Written by BoNhia Lee, University Communications

Women who can’t afford enough diapers for their babies go to great lengths to stretch a single diaper. They track their child’s liquid intake, know when their child will urinate and learn exactly how much will fill up a diaper.

Low-income mothers ask people they know for diapers or diaper money. They go without food, barter their belongings and even resort to selling their blood plasma for money to buy diapers, according to research by Dr. Jennifer Randles, professor of sociology at Fresno State.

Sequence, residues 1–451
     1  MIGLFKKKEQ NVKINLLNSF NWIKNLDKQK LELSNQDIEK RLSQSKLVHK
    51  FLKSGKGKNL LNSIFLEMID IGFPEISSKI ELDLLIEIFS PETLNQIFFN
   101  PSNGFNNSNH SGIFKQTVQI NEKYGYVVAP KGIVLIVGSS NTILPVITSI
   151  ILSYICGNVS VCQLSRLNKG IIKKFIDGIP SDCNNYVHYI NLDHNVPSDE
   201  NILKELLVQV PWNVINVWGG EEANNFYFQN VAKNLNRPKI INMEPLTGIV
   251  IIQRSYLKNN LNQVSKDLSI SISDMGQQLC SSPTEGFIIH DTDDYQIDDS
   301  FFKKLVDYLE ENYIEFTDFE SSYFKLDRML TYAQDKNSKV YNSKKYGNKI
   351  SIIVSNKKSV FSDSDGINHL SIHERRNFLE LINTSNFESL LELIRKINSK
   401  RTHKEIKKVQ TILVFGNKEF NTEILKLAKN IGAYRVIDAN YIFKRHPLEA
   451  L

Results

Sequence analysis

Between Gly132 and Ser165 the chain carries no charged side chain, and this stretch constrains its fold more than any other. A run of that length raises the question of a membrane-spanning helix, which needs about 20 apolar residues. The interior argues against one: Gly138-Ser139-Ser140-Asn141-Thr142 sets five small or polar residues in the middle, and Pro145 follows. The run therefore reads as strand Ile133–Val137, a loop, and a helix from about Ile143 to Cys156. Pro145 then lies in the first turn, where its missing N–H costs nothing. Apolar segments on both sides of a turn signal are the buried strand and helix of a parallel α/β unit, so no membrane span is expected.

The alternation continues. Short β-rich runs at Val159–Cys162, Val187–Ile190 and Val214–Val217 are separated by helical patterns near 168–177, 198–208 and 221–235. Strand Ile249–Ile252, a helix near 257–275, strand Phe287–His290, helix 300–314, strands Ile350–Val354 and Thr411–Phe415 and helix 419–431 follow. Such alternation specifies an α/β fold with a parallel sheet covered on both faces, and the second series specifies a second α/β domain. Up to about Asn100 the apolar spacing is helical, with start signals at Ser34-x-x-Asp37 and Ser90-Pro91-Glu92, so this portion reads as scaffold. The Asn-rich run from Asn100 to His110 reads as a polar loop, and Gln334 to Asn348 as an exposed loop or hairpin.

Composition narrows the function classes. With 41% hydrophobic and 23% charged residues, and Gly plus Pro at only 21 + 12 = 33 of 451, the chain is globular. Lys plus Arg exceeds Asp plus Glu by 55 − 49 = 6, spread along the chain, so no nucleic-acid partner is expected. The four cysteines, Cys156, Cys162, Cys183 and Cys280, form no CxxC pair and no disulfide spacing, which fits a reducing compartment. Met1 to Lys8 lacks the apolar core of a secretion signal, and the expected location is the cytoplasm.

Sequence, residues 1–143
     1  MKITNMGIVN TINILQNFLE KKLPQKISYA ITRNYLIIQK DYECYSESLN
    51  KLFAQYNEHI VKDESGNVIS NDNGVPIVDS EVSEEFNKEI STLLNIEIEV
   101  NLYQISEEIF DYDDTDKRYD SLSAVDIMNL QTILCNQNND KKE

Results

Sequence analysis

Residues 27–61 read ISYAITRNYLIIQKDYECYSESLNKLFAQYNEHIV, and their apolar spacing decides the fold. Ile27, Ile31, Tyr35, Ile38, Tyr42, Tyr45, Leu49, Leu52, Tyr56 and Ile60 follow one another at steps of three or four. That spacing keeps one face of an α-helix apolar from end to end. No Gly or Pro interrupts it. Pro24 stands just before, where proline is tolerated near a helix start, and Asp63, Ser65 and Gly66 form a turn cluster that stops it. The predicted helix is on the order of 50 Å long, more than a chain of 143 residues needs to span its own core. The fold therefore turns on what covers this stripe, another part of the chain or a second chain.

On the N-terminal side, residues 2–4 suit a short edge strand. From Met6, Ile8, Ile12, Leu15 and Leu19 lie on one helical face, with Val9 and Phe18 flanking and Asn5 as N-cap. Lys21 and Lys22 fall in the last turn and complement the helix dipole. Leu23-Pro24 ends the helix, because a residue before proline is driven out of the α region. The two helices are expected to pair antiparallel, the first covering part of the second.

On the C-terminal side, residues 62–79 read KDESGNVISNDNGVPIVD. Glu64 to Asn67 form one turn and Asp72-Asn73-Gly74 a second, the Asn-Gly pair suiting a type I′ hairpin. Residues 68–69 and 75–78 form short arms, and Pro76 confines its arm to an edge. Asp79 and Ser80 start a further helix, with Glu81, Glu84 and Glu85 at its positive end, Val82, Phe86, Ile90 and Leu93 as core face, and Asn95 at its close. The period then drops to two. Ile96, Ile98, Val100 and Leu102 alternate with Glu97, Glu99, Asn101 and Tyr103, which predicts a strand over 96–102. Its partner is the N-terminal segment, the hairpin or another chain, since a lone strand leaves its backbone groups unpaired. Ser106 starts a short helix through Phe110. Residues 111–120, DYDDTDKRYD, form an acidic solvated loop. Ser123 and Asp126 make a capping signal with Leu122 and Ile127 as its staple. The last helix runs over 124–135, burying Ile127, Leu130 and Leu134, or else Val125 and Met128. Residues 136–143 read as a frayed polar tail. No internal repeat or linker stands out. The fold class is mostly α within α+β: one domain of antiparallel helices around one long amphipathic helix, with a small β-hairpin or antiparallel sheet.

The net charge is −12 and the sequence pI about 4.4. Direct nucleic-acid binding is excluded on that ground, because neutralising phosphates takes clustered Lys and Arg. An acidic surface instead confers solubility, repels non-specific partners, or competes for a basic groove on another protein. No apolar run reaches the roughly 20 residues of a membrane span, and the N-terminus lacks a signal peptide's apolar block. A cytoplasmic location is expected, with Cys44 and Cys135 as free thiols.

Diaper need — not being able to afford enough diapers to keep a child clean, dry and healthy — has long existed and worsened during the pandemic.

“Diaper banks are getting three to six times the requests for diapers. People are out of jobs. They have lost work hours. They can’t rely as much on the social networks they used to,” said Randles, who studies family inequality and very low-income parents. “Before the pandemic, one in three families with infants struggled with diaper need. We suspect even more families are struggling now.”

Read the full story at Fresno State News